The holidays can be a stressful time. For individuals diagnosed with Autism Spectrum Disorder(ASD) it can be a very confusing time. While every individual is different one of the diagnostic criteria for autism spectrum disorder is the following: “insistence on sameness, inflexible adherence to routines, or ritualized patterns or verbal nonverbal behavior (e.g., extreme distress at small changes, difficulties with transitions, rigid thinking patterns, greeting rituals, need to take same route or eat food every day)” (American Psychiatric Association, 2013). With all the changing routines (no school, holiday parties, decorations, new food, eating at a different time etc.) this can be overwhelming for those on the spectrum. The following are recommendations on how to help individuals with autism during the holidays.
• Keep routines the same (as much as possible).
o While it may not be possible to attend school during the holiday having the student wake up and eat at the same time would keep their routine similar.
• Limit sensory overload
o Some individuals demonstrate hypersensitivity toward sounds/lights or other stimulation. Too much stimulation for these individuals can result in the individual becoming very upset often engaging in behaviors to get away from the stimulation. This could be as simple as someone covering their ears or it could even be the person trying to leave or engaging in aggressive behavior.
o Turning off the noise function on decorations or having the lights on steady instead of flickering can help.
o Limiting the amount of decorations both inside and outside can help individuals not feel so overwhelmed.
o Have a space that the individual can go to that is quite and calm.
o While it might feel like it is helping staying with the individual and talking to them might be adding to the sensory input. Stay if the person wants you to stay but remain quite until the person is calm and can talk to you.
• Limit the amount of activities that you do.
o There are many different events during the holiday season. Some individuals can get overwhelmed with too much stimulation (noise, people, activities etc). By only going to a few holiday parties or activities this can help keep the individual from becoming overwhelmed.
• Decorate intentionally
o Some individuals who have difficulty with transitions may have a hard time with decorations especially if furniture is rearranged or removed to make space for the decorations like a Christmas tree. Keeping the decorations minimal or only decorating a few rooms can help.
o Setting a specific day for decorating and undecorating can help. Telling the individual when the decorations are going to go up and when they are going to be taken down sets up a specific time.
o Make an event for setting up decorations can help. An example of this would be going out to get a Christmas tree and putting up the decorations then. Another example would be on the day after thanksgiving we will turn on the Christmas music and decorate the house.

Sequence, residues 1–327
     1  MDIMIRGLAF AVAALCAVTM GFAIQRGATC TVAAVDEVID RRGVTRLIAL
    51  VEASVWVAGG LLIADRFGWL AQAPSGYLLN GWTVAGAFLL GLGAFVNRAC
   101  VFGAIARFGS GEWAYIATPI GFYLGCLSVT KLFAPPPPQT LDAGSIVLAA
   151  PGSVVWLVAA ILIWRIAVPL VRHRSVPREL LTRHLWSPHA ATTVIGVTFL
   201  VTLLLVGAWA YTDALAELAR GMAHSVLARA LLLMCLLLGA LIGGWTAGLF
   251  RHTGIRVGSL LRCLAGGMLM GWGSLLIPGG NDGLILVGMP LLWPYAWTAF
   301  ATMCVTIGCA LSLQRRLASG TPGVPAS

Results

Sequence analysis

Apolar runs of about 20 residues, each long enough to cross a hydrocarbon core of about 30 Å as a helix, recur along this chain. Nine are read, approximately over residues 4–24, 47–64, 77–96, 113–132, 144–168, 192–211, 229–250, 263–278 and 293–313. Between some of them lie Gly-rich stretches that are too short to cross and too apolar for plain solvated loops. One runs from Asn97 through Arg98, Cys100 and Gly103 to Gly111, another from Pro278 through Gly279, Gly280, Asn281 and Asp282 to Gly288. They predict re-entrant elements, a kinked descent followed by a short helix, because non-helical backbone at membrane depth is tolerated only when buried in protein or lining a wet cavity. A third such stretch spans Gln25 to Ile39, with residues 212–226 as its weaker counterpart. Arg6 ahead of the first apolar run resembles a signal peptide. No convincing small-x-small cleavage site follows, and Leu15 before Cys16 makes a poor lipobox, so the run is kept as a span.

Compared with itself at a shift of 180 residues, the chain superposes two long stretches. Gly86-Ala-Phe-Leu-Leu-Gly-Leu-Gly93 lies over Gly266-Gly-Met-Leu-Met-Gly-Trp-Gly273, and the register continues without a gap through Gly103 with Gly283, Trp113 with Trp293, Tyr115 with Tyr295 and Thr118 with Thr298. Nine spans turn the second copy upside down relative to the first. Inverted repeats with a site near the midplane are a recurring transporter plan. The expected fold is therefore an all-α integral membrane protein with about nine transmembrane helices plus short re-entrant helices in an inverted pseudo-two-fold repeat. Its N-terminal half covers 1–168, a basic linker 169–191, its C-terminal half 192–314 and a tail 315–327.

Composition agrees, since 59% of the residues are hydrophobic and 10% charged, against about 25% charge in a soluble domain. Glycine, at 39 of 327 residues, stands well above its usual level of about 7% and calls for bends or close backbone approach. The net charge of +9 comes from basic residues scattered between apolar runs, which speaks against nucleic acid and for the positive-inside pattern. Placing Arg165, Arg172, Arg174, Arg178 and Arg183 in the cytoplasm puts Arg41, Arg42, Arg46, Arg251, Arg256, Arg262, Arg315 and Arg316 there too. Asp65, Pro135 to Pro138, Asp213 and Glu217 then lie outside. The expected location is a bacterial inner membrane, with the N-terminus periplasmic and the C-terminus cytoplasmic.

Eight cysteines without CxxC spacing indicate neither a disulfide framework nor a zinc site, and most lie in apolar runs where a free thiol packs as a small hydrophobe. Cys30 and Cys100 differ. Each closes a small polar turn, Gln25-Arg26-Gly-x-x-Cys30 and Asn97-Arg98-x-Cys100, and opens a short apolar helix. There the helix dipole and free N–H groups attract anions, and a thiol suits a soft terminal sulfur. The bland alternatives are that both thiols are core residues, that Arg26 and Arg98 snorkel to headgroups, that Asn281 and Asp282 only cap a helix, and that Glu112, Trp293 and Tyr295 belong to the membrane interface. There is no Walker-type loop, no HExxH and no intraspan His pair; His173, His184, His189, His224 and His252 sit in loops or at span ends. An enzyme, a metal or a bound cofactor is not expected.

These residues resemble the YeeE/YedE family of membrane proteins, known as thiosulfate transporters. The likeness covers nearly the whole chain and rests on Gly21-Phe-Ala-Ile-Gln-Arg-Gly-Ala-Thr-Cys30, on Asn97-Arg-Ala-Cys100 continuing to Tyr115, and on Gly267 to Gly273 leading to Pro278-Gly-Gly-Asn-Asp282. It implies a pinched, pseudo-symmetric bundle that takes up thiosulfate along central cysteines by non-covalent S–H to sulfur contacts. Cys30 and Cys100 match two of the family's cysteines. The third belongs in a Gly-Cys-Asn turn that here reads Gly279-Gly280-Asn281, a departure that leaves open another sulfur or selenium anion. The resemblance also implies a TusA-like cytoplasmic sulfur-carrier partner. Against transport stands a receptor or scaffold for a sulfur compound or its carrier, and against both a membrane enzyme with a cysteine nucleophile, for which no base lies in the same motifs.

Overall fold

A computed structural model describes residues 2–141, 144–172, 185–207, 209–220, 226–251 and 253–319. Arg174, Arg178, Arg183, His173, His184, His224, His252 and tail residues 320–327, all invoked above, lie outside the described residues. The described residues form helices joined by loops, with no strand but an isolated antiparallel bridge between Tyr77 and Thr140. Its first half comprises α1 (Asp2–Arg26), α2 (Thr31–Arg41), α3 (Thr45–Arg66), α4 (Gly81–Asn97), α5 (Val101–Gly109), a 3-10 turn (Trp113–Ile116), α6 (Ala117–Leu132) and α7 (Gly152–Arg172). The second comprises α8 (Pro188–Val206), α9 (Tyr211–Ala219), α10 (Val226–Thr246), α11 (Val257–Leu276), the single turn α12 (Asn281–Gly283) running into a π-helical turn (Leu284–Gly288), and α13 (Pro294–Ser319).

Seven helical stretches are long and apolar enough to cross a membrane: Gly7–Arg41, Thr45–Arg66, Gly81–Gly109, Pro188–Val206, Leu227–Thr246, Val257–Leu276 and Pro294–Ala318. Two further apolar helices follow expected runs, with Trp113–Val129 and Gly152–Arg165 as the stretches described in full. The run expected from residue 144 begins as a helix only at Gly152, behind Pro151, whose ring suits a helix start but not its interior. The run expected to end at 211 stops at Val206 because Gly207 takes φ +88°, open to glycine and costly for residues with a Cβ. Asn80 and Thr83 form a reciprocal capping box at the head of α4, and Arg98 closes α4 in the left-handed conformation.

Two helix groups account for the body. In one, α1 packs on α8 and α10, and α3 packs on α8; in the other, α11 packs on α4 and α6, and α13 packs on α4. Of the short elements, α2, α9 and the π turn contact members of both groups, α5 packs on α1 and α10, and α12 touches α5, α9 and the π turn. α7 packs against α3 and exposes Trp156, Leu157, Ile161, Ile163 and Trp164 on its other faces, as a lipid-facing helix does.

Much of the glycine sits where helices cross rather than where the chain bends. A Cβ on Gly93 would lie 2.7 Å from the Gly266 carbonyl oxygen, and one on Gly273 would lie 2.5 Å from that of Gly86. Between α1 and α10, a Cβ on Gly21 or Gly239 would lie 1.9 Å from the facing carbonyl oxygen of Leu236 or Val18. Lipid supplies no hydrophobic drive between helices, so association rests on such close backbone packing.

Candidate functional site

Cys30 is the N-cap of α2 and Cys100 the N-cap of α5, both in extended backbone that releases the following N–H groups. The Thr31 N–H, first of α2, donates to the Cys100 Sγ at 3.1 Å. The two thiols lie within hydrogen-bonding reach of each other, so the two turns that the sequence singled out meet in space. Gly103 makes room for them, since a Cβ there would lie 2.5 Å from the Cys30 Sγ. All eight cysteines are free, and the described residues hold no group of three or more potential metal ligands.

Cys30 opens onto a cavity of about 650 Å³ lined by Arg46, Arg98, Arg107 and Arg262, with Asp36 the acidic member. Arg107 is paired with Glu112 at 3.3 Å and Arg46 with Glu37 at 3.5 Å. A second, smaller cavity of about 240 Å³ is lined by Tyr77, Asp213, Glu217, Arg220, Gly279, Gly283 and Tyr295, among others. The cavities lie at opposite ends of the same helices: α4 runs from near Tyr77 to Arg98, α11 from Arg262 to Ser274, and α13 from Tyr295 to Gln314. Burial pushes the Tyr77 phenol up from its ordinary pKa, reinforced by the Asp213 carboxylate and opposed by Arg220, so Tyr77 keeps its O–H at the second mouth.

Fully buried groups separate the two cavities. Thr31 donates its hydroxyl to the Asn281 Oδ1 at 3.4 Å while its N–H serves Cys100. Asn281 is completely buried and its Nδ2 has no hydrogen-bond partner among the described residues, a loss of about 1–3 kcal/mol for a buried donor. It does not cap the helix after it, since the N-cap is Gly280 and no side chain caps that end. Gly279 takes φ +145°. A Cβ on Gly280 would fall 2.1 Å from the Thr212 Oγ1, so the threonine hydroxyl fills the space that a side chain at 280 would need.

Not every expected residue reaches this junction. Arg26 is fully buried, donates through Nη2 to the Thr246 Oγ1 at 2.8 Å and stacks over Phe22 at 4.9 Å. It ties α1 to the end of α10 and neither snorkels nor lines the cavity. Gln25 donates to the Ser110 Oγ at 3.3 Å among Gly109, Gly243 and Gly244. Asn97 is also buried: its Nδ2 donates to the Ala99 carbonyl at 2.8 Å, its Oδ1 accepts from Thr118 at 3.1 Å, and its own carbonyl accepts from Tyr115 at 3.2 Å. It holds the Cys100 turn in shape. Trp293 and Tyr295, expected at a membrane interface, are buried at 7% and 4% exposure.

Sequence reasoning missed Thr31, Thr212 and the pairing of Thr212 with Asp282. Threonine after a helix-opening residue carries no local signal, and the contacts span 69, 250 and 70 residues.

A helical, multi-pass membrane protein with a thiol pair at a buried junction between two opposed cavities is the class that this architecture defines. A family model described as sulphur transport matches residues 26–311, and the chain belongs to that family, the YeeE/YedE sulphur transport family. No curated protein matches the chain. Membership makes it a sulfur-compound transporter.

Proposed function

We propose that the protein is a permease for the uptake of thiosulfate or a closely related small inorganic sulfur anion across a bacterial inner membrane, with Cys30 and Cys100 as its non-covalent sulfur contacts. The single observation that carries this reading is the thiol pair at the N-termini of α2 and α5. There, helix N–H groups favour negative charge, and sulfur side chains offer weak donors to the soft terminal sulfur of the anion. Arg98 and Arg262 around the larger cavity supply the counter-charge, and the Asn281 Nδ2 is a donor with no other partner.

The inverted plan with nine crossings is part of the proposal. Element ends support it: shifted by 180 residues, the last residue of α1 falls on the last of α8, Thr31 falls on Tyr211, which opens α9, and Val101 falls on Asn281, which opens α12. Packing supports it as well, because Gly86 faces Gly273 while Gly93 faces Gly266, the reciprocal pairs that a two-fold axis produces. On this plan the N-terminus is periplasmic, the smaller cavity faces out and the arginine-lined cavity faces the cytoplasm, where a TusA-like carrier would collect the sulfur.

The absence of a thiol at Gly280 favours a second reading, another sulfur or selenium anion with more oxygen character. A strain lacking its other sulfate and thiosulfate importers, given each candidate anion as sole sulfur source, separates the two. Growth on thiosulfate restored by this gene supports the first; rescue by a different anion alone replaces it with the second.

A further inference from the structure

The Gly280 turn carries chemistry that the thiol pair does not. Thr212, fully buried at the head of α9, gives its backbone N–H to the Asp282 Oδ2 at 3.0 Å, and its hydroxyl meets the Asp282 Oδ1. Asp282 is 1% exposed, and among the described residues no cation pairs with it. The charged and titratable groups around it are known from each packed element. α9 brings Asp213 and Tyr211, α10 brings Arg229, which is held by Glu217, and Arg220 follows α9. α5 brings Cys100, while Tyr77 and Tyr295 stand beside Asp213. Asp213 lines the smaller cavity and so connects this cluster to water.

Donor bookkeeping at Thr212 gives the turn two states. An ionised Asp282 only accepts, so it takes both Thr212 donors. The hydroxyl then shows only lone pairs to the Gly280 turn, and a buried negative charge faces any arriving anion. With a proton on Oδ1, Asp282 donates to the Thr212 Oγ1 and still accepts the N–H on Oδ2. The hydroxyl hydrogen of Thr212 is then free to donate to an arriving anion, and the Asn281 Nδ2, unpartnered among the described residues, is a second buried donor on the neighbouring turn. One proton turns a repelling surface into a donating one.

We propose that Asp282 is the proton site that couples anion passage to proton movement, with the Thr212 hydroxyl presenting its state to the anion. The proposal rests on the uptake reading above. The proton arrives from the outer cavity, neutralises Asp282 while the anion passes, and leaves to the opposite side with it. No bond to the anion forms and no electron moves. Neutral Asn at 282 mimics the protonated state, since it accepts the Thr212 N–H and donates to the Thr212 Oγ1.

o As mentioned before limiting the amount of decorations will help by not creating a sensory overload for the individual.
• Provide the same food options
o Some individuals extend their rigid patterns into food eating the same food every day. The holidays are a time to eat and to eat different food that is not always available at other times of the year (like pumpkin spice everything). While some individuals enjoy this it can be stressful for others. Keep the same food options available. If they want to try the new food great but having their preferred food gives them the structure of their routine.
• Talk about it
o Everyone does better when they know what is going to happen when and individuals with ASD are no different. What take you or I one time to learn will take more repetitions before individuals with ASD will understand (they might even repeat it to you over and over)
• Come up with a plan
o Even when you do everything you can sometimes things just don’t go as planned Have a plan of action that the individual can do or say to you when things start getting too overwhelming for them. This could be creating a quite space, asking to leave the area or asking for along time.
While this is not an exhaustive list it is important to remember that not everyone will respond to these recommendations in the same way. Some individuals with autism might get upset when you talk to them about the changes but will do fine if the holiday decorations just appear. Always ask what is best to help.
If you know someone who might need extra support this holiday season or anytime throughout the year the staff at Spectrum Behavioral Services provides in home therapy to decrease problem behavior and increase desired behavior. Please visit our website at www.spectrum-asd.com
Tess Gelderloos, M.A., BCBA, LBA is the Owner, Provider and Clinical Director of ABA Services.